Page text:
Coronavirus cases are surging in Florida, local officials are discussing precautions about masks and vaccines

Miami, Florida — A surge in cases has come as the highly transmissible delta variant of the coronavirus has spread across Florida and the country.
Local officials are discussing precautions about masks and vaccines and Gov. Ron DeSantis is scrambling to protect personal choice. All of this as Florida continues to account for about one in five COVID-19 infections in the U.S.
According to the Florida Department of Health, 110,477 new cases throughout the state, up more than 37-thousand cases from the previous week.
There were also another 108 reported deaths, and the state’s new case positivity rate stands at 18.1%, which is up from 15.1% from the previous week.
Despite Miami-Dade County’s 78% vaccination rate, there were 15,541 newly reported cases last week and the county has a 12.1% new case positivity rate, up from 10.1%.
In Broward, the vaccination rate is up to 70%, but added 9,094 new cases last week and has a new case positivity rate of 14%, up from 10.9%.
Monroe County, with its 70% vaccination rate, added 249 new cases last week and has increased its positivity rate from 11.6% to 16.2%.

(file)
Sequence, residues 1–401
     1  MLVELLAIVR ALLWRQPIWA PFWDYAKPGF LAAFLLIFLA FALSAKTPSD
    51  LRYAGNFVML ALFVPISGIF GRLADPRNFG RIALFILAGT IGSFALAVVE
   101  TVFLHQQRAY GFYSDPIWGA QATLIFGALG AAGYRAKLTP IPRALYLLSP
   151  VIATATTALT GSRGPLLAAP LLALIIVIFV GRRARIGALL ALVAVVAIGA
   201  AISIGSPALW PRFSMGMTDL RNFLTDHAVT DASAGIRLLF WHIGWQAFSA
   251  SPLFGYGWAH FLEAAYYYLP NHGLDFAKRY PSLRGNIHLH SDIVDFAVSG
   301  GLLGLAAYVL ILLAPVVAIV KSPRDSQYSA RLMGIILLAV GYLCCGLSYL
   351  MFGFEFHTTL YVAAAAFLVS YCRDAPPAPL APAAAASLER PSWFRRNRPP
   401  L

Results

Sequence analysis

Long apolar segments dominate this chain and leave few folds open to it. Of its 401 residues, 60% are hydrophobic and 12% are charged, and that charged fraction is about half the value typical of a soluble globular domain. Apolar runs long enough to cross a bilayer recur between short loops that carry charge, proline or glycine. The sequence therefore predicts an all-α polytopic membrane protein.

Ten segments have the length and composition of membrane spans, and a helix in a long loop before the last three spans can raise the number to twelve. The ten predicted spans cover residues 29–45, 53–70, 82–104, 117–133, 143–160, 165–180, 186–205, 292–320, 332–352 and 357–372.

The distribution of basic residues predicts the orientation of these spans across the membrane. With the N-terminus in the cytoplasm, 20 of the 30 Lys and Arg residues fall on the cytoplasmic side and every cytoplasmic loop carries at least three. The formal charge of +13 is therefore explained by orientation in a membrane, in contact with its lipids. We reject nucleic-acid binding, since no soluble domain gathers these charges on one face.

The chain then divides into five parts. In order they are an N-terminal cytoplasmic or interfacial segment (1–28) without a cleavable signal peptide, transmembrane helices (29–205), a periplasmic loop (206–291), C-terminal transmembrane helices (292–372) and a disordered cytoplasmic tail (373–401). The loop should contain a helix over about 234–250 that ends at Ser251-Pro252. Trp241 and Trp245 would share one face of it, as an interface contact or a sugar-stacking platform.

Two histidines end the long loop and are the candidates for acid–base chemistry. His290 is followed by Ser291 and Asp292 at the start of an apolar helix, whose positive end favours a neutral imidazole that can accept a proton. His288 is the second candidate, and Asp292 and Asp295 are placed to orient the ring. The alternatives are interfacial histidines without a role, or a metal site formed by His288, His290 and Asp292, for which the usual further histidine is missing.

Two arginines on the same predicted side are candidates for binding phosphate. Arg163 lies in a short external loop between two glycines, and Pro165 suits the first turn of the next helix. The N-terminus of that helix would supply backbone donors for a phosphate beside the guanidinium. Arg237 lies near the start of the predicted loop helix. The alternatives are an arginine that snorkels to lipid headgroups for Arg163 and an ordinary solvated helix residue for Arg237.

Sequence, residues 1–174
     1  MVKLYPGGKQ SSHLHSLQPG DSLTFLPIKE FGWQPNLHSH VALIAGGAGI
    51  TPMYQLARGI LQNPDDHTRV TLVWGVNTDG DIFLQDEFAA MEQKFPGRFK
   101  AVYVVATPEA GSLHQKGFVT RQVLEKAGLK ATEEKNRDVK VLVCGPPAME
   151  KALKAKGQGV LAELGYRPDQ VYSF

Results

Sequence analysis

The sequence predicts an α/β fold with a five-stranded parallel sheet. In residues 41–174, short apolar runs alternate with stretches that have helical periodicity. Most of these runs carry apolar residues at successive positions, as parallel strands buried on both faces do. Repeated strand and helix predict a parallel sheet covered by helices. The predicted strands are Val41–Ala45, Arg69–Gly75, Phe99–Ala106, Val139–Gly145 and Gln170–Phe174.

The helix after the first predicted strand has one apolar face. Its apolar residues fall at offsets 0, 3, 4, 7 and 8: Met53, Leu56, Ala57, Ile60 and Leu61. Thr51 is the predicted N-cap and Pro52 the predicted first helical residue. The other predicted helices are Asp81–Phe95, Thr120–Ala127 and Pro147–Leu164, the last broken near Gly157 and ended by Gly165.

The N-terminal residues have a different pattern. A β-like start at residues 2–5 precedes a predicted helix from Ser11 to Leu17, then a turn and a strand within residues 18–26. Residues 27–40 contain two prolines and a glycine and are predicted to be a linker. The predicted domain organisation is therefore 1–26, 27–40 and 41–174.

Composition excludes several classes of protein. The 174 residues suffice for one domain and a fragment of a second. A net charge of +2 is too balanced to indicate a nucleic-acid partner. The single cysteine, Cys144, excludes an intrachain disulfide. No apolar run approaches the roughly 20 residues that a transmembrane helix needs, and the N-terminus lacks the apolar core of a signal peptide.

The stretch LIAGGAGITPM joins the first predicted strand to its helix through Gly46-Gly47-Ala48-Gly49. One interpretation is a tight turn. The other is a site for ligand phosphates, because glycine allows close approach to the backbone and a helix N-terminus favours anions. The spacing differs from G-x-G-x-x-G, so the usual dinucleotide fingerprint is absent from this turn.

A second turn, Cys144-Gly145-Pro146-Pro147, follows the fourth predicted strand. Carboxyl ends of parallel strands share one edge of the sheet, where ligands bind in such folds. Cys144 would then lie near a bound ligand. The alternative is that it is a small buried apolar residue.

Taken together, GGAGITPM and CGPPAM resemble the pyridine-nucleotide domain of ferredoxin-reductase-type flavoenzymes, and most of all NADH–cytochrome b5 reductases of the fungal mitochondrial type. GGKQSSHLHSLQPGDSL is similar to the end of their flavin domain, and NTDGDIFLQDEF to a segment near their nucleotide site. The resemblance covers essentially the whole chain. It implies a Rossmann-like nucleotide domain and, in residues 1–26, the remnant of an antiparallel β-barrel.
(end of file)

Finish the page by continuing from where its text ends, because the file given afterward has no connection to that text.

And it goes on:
From the CDC this week, new guidelines that advise all people, including those who are fully vaccinated, wear masks in areas of “substantial or high” transmission.
In South Florida, Miami-Dade County is mandating masks be worn in indoor county facilities. Broward County also reinstated its indoor mask mandate for county-owned buildings.
While local leaders grapple with ways to boost vaccination rates and issue mask mandates to slow the spread of the disease, Florida school districts are running into a roadblock set by Gov. Ron DeSantis who issued an Executive Order on Friday which bans school systems from imposing mask mandates as students return to classes in August.  DeSantis said it should be a parental decision on whether or not a student should wear a mask in school.
The governor’s order goes a step further by allowing the State Board of Education to take away state funding from school districts that violate the order.

Lowell Bowen

From the time he was 8 years old Lowell knew he wanted to be on TV. Well, as people say one thing leads to another, that's how Lowell started his career in the news industry. Lowell has been part of The South Florida Daily since the very beginning.

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